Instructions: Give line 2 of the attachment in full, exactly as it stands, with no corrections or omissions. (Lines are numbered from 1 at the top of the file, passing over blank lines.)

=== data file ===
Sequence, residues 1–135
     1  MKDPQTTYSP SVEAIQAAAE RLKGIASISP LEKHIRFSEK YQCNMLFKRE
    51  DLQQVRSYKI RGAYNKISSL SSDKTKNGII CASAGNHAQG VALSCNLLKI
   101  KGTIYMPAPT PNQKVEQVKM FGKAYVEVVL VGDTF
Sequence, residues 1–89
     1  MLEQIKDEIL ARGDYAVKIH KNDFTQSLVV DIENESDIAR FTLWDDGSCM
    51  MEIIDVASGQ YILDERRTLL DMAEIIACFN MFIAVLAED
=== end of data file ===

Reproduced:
     1  MKDPQTTYSP SVEAIQAAAE RLKGIASISP LEKHIRFSEK YQCNMLFKRE